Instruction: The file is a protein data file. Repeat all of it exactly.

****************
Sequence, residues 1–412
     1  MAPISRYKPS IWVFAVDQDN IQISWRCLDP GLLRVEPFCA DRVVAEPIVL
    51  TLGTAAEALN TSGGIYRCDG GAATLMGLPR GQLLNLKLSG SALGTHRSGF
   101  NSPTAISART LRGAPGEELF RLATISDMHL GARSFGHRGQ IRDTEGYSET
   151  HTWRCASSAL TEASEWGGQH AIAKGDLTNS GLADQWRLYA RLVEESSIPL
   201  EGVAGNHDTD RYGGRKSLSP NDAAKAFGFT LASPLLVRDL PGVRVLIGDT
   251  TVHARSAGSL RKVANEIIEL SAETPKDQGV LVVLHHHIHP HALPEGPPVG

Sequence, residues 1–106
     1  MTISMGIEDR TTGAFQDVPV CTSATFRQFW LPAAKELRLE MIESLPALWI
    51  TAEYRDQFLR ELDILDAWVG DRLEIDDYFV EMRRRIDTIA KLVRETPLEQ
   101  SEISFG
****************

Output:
Sequence, residues 1–412
     1  MAPISRYKPS IWVFAVDQDN IQISWRCLDP GLLRVEPFCA DRVVAEPIVL
    51  TLGTAAEALN TSGGIYRCDG GAATLMGLPR GQLLNLKLSG SALGTHRSGF
   101  NSPTAISART LRGAPGEELF RLATISDMHL GARSFGHRGQ IRDTEGYSET
   151  HTWRCASSAL TEASEWGGQH AIAKGDLTNS GLADQWRLYA RLVEESSIPL
   201  EGVAGNHDTD RYGGRKSLSP NDAAKAFGFT LASPLLVRDL PGVRVLIGDT
   251  TVHARSAGSL RKVANEIIEL SAETPKDQGV LVVLHHHIHP HALPEGPPVG

Sequence, residues 1–106
     1  MTISMGIEDR TTGAFQDVPV CTSATFRQFW LPAAKELRLE MIESLPALWI
    51  TAEYRDQFLR ELDILDAWVG DRLEIDDYFV EMRRRIDTIA KLVRETPLEQ
   101  SEISFG